By Ruma Paul and Aditya Kalra
DHAKA (Reuters) - A pizza chef killed during a militant attack on a cafe where he worked in Bangladesh's capital city last week was probably in league with the assailants, police said on Wednesday.
Saiful Islam Chowkidar carried no arms but was seen "moving and running" with the five gunmen during the 12-hour stand-off, Monirul Islam, the chief of counter-terrorism police, said.
On Friday, at least five Bangladeshi men had stormed the Holey Artisan Bakery, a cafe popular with foreigners, businessmen and diplomats and killed 20 customers, including Italians, Japanese, Indians and Americans.
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On Tuesday, police said Chowkidar was shot dead by mistake but Islam revised that, saying his death was "not accidental", although police were unsure how he died and the role he played.
"At one point they (militants) tried to escape. They came out running and started firing, the chef was with them," Islam told reporters. "He is a suspect member of this group."
Two other suspects being treated in hospital were also employees of the cafe, police said. One worked as a delivery man and the other in the kitchen.
"Before the final operations, their movement was suspicious," Islam said.
The attack was one of the deadliest ever in Bangladesh, where the Islamic State and al Qaeda have made competing claims for a series of killings of liberals and members of religious minorities in the past year. The government has dismissed those claims and insists that the violence is homegrown.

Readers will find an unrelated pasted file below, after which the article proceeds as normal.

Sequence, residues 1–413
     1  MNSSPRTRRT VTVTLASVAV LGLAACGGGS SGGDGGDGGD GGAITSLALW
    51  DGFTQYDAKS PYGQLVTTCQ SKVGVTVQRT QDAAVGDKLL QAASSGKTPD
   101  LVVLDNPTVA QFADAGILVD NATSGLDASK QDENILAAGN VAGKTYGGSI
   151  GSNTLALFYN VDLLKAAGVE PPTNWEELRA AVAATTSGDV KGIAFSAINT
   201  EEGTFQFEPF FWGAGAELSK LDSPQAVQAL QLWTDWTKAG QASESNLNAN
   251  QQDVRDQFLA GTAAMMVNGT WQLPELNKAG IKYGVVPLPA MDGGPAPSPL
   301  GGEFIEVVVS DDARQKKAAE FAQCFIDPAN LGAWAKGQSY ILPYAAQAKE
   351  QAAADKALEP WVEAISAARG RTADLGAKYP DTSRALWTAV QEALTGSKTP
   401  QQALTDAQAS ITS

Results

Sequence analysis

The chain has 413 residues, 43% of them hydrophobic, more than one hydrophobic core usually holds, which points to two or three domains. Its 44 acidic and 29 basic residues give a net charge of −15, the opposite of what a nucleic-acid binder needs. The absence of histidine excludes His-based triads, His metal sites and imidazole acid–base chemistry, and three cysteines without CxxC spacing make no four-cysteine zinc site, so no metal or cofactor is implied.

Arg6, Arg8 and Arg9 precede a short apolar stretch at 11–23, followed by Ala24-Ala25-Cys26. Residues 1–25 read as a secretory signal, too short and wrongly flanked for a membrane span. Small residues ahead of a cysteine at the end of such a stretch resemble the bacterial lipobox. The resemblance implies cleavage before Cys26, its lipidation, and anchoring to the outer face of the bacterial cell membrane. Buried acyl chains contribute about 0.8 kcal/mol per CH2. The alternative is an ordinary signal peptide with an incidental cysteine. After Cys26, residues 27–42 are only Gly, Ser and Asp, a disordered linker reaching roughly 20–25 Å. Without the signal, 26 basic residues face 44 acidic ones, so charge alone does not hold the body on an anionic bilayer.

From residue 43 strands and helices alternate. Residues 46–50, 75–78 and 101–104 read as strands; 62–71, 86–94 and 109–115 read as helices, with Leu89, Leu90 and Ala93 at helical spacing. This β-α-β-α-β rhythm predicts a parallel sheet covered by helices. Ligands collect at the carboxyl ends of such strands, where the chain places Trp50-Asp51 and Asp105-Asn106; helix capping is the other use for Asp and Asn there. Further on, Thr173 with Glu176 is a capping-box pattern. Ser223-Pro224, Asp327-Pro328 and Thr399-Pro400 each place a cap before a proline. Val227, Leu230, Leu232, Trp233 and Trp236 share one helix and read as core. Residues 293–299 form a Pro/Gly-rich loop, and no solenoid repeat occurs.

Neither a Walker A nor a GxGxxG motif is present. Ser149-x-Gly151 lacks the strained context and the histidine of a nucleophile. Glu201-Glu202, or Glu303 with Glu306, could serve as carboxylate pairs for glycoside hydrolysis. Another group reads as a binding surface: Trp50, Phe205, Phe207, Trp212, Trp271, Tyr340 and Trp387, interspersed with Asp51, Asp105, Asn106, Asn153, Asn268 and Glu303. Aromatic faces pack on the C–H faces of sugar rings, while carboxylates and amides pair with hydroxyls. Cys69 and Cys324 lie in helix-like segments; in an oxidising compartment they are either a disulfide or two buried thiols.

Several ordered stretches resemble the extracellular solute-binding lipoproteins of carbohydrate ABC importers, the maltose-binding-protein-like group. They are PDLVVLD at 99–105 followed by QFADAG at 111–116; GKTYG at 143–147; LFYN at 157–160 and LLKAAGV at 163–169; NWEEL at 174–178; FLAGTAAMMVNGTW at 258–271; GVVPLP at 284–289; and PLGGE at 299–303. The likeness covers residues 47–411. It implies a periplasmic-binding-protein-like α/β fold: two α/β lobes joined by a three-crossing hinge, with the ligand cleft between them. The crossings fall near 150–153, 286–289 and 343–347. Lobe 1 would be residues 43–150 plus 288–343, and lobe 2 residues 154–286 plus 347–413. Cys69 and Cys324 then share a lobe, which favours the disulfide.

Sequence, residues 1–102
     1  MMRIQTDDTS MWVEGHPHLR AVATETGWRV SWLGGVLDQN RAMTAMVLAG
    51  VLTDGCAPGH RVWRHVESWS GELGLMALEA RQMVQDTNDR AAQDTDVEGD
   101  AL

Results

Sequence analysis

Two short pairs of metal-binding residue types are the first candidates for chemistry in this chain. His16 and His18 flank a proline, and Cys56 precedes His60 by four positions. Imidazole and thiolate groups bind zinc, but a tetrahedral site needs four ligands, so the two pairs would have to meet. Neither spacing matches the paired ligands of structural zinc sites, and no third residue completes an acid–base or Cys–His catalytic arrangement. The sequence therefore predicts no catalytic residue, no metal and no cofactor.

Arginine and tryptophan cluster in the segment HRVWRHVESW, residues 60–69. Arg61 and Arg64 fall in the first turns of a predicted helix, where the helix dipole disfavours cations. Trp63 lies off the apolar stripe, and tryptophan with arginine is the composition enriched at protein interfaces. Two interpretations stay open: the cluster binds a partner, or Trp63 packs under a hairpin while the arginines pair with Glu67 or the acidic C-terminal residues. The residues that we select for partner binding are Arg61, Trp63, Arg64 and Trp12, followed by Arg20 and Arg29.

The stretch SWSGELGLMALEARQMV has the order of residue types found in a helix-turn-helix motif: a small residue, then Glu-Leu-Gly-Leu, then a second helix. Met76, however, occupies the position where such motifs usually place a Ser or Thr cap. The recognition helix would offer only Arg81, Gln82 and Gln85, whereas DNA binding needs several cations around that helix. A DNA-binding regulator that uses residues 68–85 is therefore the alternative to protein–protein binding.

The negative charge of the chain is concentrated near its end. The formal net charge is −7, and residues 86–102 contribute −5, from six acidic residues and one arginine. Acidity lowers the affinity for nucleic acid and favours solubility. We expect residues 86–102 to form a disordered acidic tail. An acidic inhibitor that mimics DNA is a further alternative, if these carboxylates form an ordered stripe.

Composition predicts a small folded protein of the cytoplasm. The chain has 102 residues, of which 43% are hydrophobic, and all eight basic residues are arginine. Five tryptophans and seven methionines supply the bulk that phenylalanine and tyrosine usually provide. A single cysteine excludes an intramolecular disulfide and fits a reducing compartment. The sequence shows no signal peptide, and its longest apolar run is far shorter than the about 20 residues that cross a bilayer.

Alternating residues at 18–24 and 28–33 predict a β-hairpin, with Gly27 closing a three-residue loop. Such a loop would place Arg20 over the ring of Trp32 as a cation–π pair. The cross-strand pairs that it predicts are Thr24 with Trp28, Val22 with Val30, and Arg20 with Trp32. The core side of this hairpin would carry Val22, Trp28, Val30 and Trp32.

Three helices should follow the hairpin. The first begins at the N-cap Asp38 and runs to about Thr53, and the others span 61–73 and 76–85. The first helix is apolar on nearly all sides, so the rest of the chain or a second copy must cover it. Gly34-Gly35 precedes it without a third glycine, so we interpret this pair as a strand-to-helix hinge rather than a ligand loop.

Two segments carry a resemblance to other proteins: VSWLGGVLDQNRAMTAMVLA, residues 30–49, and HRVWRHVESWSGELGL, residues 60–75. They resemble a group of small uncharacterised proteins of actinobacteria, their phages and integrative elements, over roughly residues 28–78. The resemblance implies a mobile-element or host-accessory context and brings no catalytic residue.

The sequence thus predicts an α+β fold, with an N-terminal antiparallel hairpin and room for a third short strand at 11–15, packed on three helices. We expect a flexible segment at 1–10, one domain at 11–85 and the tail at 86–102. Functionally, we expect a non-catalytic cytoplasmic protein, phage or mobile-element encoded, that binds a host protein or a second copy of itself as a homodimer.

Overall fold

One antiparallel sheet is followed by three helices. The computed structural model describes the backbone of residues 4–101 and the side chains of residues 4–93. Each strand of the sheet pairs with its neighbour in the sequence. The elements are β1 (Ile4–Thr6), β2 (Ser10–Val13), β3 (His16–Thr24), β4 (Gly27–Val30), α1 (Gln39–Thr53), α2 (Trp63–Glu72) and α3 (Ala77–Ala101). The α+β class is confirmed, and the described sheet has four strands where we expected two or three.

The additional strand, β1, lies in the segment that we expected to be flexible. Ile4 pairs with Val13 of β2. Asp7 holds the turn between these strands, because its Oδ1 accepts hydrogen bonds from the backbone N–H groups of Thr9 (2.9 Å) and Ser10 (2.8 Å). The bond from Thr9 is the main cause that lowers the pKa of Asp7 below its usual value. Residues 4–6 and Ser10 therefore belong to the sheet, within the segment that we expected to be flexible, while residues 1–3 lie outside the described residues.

The gunmen were mostly from well-to-do families and police gave their names as: Nibras Islam, 20; Rohan Imtiaz, 20; Meer Saameh Mubasheer, 19; Khairul Islam, 22; Shafiqul Islam, 26.
Their attack marked a major escalation in violence aimed at forcing strict Islamic rule onto predominantly Muslim Bangladesh's 160 million people.
Foreign security experts say the scale and sophistication of the attack pointed to some level of guidance from international militant groups.
But the police believe Jamaat-ul-Mujahideen Bangladesh (JMB), an outlawed domestic group that has pledged allegiance to Islamic State, was to blame.
"We have confirmed these attacks were by JMB," Islam said.
Meanwhile, Islamic State warned that attacks would continue until Islamic law was established worldwide, saying in a video that the Dhaka assault was just a hint of what is to come.
"What you witnessed in Bangladesh ... was a glimpse. This will repeat, repeat and repeat until you lose and we win and the sharia is established throughout the world," said a man identified as Bangladeshi fighter Abu Issa al-Bengali, in the video monitored by SITE intelligence site.
The video began with pictures of recent attacks in Paris, Brussels and Orlando in the United States that the Middle East-based militants have claimed.
Bengali said Bangladesh must know that it was now part of a bigger battlefield to establish the cross-border "caliphate" the group proclaimed in 2014.
Police said they were stepping up security in response to the video threat.
(Writing by Aditya Kalra and Sanjeev Miglani; Editing by Louise Ireland)